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WHAT IS ECZEMA?

Eczema or atopic dermatitis affects 1 in 3 Australians and can have a debilitating effect on a sufferer and their quality of life.

When you have very dry or eczema prone skin, the protective outer layer is more susceptible to damages to the skin barrier, meaning it loses moisture easily and can be more receptive to allergens, irritants, bacteria and environmental factors which can lead to red, dry, tight and itchy skin.

SYMPTOMS OF ECZEMA

  • Excessive skin dryness
  • Intense itching
  • Scaling – dry, rough and scaly skin
  • Redness/rash-caused by scratching and flare-ups
  • Sensitive skin – high sensitivity to irritants and allergens
  • Itchy skin

COMMON CAUSES

Identifying and avoiding your trigger or triggers are an important part of your eczema management plan.

IRRITANTS

Some things can make eczema worse. They are called irritants. Over time, you’ll learn which things cause problems for your skin.

Soaps detergents & dryer sheets

Bubble-bath & certain shampoos

Fragrances & dyes

Wool or other coarse fabrics

Tips:

  • Wash new clothes before putting them
  • Use dye-free and fragrance-free detergents and avoid using dryer sheets
  • Use sunscreens made for sensitive skin

ALLERGENS

For some people, their skin gets itchy and inflamed when they’re in contact with certain things, causing an allergic reaction.

House and dust mites

Pets

Pollen (seasonal)

Molds

Tips:

  • Vacuum and wet-dust the bedroom floor and furniture frequently
  • Keep soft toys to a minimum

ENVIRONMENT

Extremes of temperature and humidity may trigger a flare-up of eczema symptoms.

Hot or cold temperature

High or low humidity

Cigarette smoke

Pollution

Tips:

  • Avoid getting too hot or too cold.
  • Maintain an even temperature and humidity in your home

FOOD

Some children with atopic eczema have a food allergy which can make symptoms worse. In general, it is young children with severe eczema who may have a food allergy.

Dairy products

Eggs

Nuts and seeds

Wheat

Tips:

  • If you suspect a food is making eczema symptoms worse, see your doctor. You may be asked to keep a diary to help identify one or more suspect foods.

STRESS

Stress doesn’t cause eczema, but stress, anger and frustration can make symptoms worse. Stress can also cause habit scratching. It is thought that scratching can make itch worse, which makes you want to scratch more, etc. This is called the itch-scratch cycle and can make eczema worse.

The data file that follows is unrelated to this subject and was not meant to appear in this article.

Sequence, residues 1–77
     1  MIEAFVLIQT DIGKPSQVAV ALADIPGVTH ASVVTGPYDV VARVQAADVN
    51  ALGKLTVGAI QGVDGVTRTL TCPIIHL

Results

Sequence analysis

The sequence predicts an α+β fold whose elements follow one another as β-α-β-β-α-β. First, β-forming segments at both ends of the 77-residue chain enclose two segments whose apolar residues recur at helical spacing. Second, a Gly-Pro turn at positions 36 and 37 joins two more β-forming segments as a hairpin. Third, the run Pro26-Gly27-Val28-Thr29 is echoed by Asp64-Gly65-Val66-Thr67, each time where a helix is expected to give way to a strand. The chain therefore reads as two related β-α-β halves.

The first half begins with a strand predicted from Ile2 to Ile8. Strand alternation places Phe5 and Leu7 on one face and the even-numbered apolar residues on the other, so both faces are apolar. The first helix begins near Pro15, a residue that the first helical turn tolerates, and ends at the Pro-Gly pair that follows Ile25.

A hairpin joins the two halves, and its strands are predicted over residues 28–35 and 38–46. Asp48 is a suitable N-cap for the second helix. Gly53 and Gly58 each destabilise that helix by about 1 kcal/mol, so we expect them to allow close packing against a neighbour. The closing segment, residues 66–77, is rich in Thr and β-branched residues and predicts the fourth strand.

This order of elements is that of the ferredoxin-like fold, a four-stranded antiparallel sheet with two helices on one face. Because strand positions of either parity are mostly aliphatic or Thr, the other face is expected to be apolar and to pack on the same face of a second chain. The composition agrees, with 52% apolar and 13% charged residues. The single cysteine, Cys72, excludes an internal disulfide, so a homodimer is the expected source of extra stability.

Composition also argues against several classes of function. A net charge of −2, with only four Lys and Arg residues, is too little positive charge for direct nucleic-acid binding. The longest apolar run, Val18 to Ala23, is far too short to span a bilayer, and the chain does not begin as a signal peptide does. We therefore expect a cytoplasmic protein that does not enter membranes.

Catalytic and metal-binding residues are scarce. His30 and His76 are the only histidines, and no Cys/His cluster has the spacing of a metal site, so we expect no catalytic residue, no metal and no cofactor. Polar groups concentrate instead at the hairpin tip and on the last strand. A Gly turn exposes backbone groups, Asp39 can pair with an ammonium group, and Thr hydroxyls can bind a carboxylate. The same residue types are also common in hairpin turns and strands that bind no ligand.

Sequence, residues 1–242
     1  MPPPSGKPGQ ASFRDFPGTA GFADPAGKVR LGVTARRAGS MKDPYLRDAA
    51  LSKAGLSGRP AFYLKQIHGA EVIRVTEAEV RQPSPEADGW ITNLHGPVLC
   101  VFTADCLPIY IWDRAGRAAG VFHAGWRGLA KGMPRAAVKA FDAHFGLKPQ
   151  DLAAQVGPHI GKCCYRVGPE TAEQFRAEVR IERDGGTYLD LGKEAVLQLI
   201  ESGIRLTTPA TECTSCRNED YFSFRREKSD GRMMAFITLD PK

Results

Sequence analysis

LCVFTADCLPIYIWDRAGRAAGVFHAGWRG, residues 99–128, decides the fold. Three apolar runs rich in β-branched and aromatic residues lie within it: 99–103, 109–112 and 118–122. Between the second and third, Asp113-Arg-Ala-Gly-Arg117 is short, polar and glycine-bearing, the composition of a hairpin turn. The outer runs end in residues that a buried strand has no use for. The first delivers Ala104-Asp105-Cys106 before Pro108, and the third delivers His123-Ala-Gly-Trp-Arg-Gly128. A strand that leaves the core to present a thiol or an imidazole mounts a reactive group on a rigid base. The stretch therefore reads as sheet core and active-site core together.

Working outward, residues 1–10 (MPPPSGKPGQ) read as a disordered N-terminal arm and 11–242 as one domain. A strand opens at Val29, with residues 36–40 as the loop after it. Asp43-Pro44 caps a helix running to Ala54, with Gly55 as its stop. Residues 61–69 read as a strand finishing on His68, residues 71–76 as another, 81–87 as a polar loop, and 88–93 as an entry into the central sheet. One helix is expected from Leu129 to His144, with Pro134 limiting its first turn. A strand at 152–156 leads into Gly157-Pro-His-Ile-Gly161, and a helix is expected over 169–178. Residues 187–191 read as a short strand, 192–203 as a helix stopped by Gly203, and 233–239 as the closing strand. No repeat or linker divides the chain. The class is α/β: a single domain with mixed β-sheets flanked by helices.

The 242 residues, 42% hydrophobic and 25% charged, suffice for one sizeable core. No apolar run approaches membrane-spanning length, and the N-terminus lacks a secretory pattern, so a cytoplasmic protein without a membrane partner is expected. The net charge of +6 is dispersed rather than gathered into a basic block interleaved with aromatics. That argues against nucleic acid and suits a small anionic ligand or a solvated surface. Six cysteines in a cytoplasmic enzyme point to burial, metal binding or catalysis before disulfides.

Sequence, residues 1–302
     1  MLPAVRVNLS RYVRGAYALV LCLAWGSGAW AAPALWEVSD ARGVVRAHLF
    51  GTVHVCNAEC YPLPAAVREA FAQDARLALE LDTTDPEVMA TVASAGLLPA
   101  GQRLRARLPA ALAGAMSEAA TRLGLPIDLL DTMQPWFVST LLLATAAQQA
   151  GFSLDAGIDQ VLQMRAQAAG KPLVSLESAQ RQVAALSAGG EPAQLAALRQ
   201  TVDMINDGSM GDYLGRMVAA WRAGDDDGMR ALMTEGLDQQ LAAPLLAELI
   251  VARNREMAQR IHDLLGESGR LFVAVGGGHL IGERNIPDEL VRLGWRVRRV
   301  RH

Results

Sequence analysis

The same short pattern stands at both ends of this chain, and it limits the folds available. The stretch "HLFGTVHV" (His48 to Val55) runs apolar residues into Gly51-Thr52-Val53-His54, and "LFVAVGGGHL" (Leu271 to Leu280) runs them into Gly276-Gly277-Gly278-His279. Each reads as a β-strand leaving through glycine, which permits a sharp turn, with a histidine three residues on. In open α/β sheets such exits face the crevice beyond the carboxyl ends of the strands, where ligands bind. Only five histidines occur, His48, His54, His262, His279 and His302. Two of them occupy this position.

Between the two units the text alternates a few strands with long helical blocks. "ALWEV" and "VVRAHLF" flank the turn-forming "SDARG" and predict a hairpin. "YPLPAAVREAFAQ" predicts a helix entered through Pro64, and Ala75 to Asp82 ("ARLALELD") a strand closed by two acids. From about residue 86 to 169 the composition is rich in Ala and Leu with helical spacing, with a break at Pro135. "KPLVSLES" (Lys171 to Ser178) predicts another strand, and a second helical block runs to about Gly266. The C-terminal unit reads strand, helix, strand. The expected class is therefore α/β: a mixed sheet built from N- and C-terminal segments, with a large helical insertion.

Tips:

  • Keep your fingernails short.
  • Consider cotton gloves or mittens at night if your child tends to scratch in his/her sleep

DAILY CARE

Careful management of eczema prone skin can help reduce dry, itchy skin and prevent flare-ups. Proper bathing and moisturising are essential for the daily care of eczema prone skin. Moisturisers can help trap water in the skin, helping to keep the skin barrier intact and less likely to crack. It is important to continue a regular moisturising routine even when your child does not have a flare.

An effective skin care regimen can help restore and strengthen the skin’s moisture barrier, helping to prevent the recurrence of dry, itchy skin.

BATHING TIPS

  • Use lukewarm water to wash your child.
  • Use a mild, non-drying, fragrance-free cleanser. 
  • Gently pat skin dry — don't rub.
  • Avoid body sponges and washcloths.

MOISTURISING TIPS

  • Apply moisturisers to wet skin
  • Apply prescribed medications first and then liberally apply moisturiser.
  • Consider using a moisturiser that is suitable for eczema prone skin to help reduce the itch and keep skin hydrated.
  • Reapply throughout the day

MORE TIPS

  • Keep your fingernails short
  • Wear open-weave, loose-fitting, cotton-blend clothing
  • Maintain an even temperature and humidity in your home
  • Wash new clothes before putting them on
  • Use dye-free and fragrance-free detergents and avoid using dryer sheets
  • Use sunscreens made for sensitive skin
  • As always, talk to your child’s doctor if you have any questions or concerns

TREATMENT

A health care professional will advise you on the best way to treat an eczema flare up, which will usually include an over the counter cream. Make sure you treat a flare-up as soon as possible to minimise the symptoms. However careful management of eczema prone skin can help to soothe dry, itchy skin2